I remember the moment my first ever panic attack came. I sat, staring at my screen, then to my wife to try and explain everything that was happening... what would happen... how I would never be able to undo posting the image, how I lost control of my intellectual property, the fact that there were some people out there that believed I was a fraud... and the knowledge that I had a golden, fleeting-as-we-spoke opportunity to capitalise on this attention... with no idea what to do next. I knew that there was money and opportunity to be taken, but I also knew that (due to my panic and lack of ideas about what to do) it was not going to happen. My speech started accelerating as the need to explain and vocalise became a higher priority than breathing, until finally my vision blurred a little and my wife had to pull me to the bed to calm down.

After dampening the pillow with a few tears, I managed to sleep

The next morning, I decided to approach my screen once more after I was sure that I was ok. I did not have much of an idea about what to do next, but I accepted that I would be able to come up with some ideas, and that it was okay to not have all of the answers.

So with a deep sigh, I took stock of what had just happened.

Calming Down and Working Through

My website had been visited by 23,000 people, yet I’d only made four sales.


Perhaps the majority of Reddit’s users just wanted the photo for their desktop backgrounds… I’d matched the knife-maker in sales quantity, but I wanted more.

Clearly more needed to be done, and to a different audience.

Luckily, I’d just experienced something quite extraordinary: an engineered boost in my traffic, and a great deal of copyright-infringement fallout. That meant there was another story to tell.

A fairly lengthy write-up of my experience got noticed on a photography forum, and the editor of reached out asking to feature it. If posting the photo to Reddit was setting the tinder, this feature article would be the spark. The day Petapixel posted the piece, my website views skyrocketed to over 125,000 unique visitors in one day, and my Facebook page jumped from 500 to 1,300 likes, thanks to the backlinks I had insisted on in exchange for Petapixel using my guest blog.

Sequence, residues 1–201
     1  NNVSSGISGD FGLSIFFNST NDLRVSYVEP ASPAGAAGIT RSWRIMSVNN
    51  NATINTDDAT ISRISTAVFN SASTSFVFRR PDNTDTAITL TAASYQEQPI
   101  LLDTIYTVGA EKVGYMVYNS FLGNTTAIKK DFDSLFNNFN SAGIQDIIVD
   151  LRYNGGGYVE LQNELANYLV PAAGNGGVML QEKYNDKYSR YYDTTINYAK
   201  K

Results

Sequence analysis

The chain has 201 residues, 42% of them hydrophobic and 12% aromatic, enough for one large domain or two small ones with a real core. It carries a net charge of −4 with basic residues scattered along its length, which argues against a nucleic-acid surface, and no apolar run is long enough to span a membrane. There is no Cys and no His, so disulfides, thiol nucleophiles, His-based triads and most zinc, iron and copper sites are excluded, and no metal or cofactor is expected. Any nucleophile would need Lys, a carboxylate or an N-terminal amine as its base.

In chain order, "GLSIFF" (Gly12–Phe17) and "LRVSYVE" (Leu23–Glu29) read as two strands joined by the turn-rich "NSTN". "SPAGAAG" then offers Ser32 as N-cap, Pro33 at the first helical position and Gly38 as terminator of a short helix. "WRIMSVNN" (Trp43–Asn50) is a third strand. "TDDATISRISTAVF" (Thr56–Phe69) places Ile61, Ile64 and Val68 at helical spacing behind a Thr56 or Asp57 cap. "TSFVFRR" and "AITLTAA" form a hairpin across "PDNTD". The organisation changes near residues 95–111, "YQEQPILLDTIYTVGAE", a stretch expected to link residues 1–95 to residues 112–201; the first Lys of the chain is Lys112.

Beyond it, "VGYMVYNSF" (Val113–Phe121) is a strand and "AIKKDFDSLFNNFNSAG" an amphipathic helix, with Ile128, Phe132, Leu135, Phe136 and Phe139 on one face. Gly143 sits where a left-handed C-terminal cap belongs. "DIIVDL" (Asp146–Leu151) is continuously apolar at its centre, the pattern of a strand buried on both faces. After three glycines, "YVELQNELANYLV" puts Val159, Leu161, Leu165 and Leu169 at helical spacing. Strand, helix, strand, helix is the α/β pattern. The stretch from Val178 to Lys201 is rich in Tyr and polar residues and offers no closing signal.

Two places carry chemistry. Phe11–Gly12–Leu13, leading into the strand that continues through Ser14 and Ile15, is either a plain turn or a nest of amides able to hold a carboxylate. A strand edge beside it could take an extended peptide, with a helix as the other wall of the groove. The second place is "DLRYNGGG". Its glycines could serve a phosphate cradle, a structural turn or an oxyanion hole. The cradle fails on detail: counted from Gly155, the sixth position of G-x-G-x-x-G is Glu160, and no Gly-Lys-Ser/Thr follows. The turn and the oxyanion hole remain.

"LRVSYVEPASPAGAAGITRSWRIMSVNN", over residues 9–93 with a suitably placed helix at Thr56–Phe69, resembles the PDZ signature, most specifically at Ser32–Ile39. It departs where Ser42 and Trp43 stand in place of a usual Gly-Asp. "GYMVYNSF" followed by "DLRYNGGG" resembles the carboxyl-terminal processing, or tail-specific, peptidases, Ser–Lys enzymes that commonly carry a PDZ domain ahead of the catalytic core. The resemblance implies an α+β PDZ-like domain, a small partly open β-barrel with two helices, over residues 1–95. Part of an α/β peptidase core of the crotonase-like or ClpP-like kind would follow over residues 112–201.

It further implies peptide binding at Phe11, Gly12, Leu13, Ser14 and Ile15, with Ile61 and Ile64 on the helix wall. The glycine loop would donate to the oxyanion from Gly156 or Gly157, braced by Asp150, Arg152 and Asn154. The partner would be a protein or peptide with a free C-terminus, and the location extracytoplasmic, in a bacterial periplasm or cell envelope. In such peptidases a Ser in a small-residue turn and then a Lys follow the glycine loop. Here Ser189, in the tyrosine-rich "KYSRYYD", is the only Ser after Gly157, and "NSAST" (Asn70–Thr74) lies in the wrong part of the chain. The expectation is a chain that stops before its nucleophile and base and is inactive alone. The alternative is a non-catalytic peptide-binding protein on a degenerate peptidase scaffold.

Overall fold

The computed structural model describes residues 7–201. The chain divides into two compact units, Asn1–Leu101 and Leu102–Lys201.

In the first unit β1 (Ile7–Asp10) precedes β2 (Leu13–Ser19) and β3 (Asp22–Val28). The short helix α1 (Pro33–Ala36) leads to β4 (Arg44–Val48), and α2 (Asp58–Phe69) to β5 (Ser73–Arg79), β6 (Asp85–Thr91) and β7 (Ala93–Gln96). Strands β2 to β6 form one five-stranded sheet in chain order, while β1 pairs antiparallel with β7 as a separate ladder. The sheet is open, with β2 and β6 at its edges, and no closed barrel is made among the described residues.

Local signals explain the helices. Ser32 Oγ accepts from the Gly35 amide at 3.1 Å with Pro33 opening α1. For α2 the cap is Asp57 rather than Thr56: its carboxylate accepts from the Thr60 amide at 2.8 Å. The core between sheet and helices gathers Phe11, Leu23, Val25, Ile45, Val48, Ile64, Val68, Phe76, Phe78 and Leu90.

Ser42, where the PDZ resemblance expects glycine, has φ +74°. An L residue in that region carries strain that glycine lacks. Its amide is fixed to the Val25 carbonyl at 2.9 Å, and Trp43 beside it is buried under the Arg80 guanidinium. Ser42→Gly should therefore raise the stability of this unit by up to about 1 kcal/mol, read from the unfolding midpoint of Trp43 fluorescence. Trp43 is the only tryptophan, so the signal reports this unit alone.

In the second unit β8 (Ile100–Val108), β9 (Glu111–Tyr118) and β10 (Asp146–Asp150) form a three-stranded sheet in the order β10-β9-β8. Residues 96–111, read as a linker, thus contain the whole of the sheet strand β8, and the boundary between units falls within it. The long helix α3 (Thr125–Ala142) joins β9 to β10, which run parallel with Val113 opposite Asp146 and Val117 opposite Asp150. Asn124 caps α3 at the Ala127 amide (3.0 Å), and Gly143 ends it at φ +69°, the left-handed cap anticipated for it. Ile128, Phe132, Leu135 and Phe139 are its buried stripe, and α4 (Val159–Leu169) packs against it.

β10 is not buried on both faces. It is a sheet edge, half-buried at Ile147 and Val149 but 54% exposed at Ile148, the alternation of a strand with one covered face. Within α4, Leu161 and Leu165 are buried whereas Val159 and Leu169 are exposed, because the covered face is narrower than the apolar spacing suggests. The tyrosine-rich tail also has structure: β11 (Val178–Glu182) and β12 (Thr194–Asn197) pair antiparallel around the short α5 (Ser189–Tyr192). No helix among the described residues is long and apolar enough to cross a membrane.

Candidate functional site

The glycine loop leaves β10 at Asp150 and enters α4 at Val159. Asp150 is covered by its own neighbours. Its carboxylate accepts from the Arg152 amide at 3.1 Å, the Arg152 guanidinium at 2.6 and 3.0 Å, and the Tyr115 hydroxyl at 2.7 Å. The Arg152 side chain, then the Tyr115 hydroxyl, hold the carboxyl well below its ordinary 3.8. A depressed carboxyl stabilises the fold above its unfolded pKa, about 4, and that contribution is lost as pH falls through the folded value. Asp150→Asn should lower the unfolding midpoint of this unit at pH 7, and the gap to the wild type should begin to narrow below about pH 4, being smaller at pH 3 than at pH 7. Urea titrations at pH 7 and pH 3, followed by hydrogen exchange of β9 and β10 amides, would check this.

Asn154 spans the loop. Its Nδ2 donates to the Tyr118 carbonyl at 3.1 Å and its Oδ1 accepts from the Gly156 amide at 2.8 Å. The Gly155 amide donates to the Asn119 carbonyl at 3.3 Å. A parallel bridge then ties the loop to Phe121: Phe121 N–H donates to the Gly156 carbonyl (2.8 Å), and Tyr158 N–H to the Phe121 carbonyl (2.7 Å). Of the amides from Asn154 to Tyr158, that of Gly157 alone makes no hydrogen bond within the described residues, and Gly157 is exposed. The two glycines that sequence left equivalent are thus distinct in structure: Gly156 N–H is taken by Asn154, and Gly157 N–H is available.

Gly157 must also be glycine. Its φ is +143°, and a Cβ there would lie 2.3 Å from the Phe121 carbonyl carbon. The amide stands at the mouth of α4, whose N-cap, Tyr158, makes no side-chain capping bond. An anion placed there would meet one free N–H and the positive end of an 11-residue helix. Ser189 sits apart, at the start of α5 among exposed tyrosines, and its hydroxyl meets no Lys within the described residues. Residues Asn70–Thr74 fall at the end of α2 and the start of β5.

Riding the Wave

From there, no more prep-work needed to be done. Suddenly, I was being contacted by press agencies, photo magazines angling for an interview and (most amazingly) Brandon Stanton of Humans of New York fame, who gave me his best wishes and bought a print.

By pushing just the right buttons and a lot of luck, I had achieved that elusive accolade so many marketers aim and struggle for. By creating interesting content and putting it work, I had successfully engineered a product of mine to go viral. I continued to ride that wave for almost two months (during my panic I thought it would only last for 48 hours), and three years later I still enjoy the occasional bit of direct income from it.

To date, my image has been featured in close to 70 worldwide print magazines and newspapers, shared a countless amount of times (with and without my permission), exhibited, and most amusingly, discussed as part of a Flat Earth Society debate. Apparently something about the horizon in the photo proves the Earth isn’t round. Who knew?

I can’t claim to know how to make lightning strike twice, but this experience has taught me to think big and approach each marketing scenario with an open mind. Sometimes, what you need to get results isn’t a campaign worth tens of thousands of pounds. Sometimes, all it takes for you to get results is a little bit of engaging content, in the right place.

... And perhaps some breathing exercises.